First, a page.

1. Avatar

    Maaz Kalim

    March 14, 2018 at 6:12 am

    Technically, she ain’t “her colleague” as both of them work for entirely different media outlets.

    ‘Fraternal-sibling’ could be a more appropriate term.

  2. Avatar

    Geeb

    March 14, 2018 at 4:17 pm

    Hilarious! Love the Sas

  3. Avatar

    Jane Leggett

    March 15, 2018 at 1:43 am

    The dangers of living in a communist nation. Kiss her caboose goodbye. Freedom isn’t free. Complacent Chinese like being told how to live their lives I guess.

  4. Avatar

    MOQINGBO

    March 16, 2018 at 1:04 pm

    this says lot about the censorship in China now. i’m Chinese!

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China Local News

On Wuhan’s ‘Reopening Day’, Even Traffic Jams Are Celebrated

As the COVID-19 lockdown has ended in Wuhan, many people are happy to see the city’s traffic finally getting busy again. “I hated traffic jams before, now it makes me happy to see them.”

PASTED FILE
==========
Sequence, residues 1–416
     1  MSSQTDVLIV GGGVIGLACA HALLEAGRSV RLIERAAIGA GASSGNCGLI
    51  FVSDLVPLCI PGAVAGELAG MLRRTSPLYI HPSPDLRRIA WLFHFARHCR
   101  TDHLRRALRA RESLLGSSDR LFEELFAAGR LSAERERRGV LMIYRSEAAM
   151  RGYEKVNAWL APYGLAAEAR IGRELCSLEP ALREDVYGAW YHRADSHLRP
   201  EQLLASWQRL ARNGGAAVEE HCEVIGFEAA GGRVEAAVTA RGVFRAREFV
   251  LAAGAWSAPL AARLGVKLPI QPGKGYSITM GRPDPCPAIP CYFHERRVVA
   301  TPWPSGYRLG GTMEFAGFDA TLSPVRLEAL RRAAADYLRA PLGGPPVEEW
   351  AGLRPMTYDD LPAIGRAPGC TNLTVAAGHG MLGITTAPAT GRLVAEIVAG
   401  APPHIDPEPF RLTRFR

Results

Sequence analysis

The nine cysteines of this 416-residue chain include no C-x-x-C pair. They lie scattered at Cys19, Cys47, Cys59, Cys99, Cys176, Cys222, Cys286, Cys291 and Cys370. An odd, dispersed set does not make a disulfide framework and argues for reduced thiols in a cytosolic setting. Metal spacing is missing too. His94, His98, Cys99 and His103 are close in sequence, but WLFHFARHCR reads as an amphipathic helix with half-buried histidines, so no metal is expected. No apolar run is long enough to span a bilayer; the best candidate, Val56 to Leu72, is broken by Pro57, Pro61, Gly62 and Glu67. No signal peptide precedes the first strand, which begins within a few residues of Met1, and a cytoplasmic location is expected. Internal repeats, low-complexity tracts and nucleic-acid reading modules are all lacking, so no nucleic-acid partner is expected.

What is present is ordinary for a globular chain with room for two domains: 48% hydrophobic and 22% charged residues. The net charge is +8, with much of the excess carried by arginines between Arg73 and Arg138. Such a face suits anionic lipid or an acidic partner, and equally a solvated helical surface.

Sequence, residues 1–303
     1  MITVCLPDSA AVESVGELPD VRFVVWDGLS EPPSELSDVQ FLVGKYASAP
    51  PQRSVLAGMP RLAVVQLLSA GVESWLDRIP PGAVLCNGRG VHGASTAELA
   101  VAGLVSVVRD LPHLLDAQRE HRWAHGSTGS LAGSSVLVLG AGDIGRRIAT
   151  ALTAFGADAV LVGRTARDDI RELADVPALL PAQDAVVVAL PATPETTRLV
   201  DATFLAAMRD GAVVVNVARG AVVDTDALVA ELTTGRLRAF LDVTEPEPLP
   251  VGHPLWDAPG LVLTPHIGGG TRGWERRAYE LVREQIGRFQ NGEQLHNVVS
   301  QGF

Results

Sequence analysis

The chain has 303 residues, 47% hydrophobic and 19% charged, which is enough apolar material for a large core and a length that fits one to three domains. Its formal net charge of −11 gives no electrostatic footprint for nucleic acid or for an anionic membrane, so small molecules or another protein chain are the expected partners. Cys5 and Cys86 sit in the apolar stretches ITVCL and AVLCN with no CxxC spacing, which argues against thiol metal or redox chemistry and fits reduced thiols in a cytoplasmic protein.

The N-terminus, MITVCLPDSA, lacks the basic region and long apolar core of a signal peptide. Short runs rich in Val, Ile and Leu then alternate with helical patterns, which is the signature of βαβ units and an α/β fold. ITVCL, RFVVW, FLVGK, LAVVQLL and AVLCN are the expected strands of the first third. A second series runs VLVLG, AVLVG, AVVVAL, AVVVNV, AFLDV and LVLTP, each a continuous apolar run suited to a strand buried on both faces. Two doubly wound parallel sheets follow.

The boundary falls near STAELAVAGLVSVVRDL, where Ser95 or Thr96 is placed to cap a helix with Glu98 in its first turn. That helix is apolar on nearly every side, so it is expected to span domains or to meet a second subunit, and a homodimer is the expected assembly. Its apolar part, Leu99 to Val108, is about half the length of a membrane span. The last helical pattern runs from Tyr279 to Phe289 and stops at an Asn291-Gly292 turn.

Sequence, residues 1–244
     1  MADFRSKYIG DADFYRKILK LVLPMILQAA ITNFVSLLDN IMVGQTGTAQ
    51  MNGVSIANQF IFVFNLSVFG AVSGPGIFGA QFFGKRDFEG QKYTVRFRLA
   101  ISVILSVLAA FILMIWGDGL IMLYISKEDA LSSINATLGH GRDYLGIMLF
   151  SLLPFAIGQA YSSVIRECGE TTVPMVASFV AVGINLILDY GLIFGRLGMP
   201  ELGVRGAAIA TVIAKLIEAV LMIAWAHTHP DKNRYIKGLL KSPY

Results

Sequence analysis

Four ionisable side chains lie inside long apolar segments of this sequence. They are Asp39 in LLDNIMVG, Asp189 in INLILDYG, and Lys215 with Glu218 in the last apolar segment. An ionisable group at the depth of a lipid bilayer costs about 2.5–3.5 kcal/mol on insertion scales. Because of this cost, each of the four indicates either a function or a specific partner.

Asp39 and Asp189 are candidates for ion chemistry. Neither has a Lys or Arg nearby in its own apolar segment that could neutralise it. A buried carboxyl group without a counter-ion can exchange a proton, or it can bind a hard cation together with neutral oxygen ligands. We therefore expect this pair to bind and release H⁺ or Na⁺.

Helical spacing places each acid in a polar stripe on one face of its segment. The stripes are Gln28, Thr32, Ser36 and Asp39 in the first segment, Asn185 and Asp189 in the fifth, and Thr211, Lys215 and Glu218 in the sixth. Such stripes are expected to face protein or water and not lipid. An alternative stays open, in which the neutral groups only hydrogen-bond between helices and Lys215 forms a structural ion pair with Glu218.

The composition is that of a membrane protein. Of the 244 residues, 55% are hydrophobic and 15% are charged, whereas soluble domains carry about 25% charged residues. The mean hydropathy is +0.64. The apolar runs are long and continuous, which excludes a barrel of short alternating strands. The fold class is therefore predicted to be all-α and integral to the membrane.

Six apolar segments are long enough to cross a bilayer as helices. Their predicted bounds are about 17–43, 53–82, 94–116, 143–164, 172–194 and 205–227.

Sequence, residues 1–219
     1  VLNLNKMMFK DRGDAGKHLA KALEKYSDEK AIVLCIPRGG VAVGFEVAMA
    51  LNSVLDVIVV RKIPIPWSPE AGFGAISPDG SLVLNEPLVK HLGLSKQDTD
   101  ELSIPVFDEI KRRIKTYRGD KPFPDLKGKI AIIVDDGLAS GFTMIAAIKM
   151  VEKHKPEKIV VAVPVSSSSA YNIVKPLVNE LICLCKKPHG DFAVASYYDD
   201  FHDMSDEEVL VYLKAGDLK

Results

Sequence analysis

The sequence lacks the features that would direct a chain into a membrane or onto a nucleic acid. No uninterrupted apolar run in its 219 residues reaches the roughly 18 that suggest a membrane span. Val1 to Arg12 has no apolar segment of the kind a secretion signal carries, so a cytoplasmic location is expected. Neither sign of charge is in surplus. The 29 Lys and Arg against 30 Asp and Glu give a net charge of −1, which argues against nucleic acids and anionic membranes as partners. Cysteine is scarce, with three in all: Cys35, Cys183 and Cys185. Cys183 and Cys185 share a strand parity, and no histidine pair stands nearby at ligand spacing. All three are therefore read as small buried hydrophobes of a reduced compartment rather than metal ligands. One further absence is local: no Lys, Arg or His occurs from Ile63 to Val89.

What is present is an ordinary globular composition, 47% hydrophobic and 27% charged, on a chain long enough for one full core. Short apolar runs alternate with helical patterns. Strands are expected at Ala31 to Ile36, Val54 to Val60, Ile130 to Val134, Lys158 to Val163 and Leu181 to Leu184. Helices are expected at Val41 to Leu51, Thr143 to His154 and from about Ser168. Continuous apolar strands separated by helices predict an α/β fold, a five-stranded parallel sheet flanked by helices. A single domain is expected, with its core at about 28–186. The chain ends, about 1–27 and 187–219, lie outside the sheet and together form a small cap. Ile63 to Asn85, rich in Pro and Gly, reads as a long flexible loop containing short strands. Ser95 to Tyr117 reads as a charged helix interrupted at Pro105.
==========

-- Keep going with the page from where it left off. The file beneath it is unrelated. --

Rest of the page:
Manya Koetse

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It was chilly and grey in Wuhan when the coronavirus epicenter city went into a full lockdown on January 23 of this year. On April 8, 76 days later, it is sunny and twenty degrees warmer outside as people leave their homes to resume work or go for a stroll.

The end of the Wuhan lockdown is a special day for many, as the city finally lifted the 11-week-long ban that shut down all travel to and from the city in a radical effort to curb the spread of COVID-19.

On Wednesday, city residents returned to work as public transport started again. Roads, bridges, and tunnels were reopened, and the local airport resumed flights.